The Michael J. Fox Foundation (MJFF), via the Aligning Science Across Parkinson’s (ASAP) initiative, injected $7.2 million into an international team investigating the leucine-rich repeat kinase 2 (LRRK2), a protein linked to familial Parkinson’s disease. The three-year grant award supports five co-principal investigators working on different specialties, including three at University of California, San Diego, and two in Germany.
Context of this Funding & Stud(ies)
As reported in a recent press release, a team of researchers at UCSD published groundbreaking back-to-back studies describing unprecedented details of a protein linked to genetically inherited Parkinson’s disease. The researchers even produced the first visualizations of leucine-rich repeat kinase 2, or LRRK2, as visualized within its natural environment inside a cell, as well as the first high-resolution blueprint of the protein.
LRRK2 was discovered and linked to Parkinson’s in the early 2000s. Since then, researchers have pursued clues about its form and function. This new funding expands efforts led by UCSD using leading-edge cryo-electron microscopy (cryo-EM) to produce previously unseen views of biologically important cells and molecules.
The Next Phase of Study
Now the Aligning Science Across Parkinson’s (ASAP) moves forward on the next phase of their investigation, focusing on the basic underlying mechanisms of Parkinson’s disease, the neurodegenerative disorder affecting millions of people.
What Drives ASAP?
This international team is committed to ultimately identifying and informing a path to a cure for Parkinson’s disease.
What is the Source of the Grant?
Michael J. Fox Foundation for Parkinson’s Research, an implementation partner for ASAP and issuer of the grant.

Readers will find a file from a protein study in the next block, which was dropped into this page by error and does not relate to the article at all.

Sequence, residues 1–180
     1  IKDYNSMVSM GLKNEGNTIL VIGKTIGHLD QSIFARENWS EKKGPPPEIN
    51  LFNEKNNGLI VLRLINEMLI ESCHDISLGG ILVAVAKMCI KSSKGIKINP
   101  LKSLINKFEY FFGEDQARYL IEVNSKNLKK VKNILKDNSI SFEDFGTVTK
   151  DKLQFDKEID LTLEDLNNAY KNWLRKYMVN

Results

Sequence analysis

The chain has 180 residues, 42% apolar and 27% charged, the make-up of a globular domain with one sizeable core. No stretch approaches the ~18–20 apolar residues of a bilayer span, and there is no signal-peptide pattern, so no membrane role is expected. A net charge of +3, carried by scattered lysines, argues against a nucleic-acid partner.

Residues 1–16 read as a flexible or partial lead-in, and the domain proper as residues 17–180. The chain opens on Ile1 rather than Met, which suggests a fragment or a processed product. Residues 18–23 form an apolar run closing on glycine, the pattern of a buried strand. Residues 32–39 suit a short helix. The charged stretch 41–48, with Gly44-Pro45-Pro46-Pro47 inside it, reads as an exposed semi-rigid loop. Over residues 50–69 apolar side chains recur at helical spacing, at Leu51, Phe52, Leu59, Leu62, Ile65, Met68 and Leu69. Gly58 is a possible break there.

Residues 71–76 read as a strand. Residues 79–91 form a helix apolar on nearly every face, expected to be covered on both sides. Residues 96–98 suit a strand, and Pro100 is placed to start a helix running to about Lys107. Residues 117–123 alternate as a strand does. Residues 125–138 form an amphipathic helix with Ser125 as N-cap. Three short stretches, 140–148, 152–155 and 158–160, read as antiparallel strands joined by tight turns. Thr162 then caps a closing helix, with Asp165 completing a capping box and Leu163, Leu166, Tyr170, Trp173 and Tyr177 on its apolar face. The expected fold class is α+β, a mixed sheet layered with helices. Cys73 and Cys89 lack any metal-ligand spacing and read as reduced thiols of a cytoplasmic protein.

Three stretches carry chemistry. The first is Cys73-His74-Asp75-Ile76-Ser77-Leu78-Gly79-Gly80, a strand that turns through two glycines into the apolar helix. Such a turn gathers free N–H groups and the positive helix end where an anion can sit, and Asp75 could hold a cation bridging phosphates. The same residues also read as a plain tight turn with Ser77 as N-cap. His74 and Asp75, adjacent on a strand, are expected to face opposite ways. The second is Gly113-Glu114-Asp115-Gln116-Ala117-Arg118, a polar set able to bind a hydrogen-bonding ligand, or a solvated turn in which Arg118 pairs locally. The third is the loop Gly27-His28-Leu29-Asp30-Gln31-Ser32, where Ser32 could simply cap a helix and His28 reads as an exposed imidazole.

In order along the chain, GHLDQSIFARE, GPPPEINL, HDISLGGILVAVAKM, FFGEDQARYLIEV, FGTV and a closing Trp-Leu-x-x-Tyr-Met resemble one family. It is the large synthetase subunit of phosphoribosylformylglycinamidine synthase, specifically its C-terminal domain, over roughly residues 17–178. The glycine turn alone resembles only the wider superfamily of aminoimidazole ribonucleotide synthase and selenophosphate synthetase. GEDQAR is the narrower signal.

What’s the Goal of this Grant Award?
Samara Reck-Peterson, the lead principal investigator and professor at UCSD School of Medicine and Division of Biological Sciences, declared, “The goal of this project is to understand the basic cell biology and structure of this really fundamentally important LRRK2 molecule.
The Howard Hughes Medical Institute Investigator declared, “If we can find out why LRRK2—when it does work—causes Parkinson’s disease, that’s really the ultimate goal. When you are thinking about designing a drug, you really need to understand all the details of the parts in order to engineer therapeutics.”
Aligning Science Across Parkinson’s (ASAP) seeks to foster collaboration and resources to better understand the underlying causes of Parkinson’s disease. The group champions a “three-part strategy,” including 1) Support (meaningful, interdisciplinary, collaboration); 2) Generate (research-enabling resources) and 3) Democratize data
The group follows four scientific themes, including 1) Biology of PD-Associated Genetics, 2) Neuro-Immune Interactions, 3) Circuitry and Brain-Body Interactions, and 4) Progression: A Cross-Cutting Theme.
The group is guided by four basic principles including 1) Collaboration, 2) Creativity, 3) Flexibility and 4) Transparency.
Collaborators include the Michael J. Fox Foundation for Parkinson’s Research, Rapid Science, Stratos, Parkinson’s Foundation, Parkinson’s UK
Samara Reck-Peterson, professor at UCSD School of Medicine and Division of Biological Sciences; The Howard Hughes Medical Institute Investigator
Andres Leschziner, UCSD
Elizabeth Villa, Assistant Professor, UCSD
Stefan Knapp, professor, Goethe University, Frankfurt, Germany
Florian Stengal, Konstanz University, Germany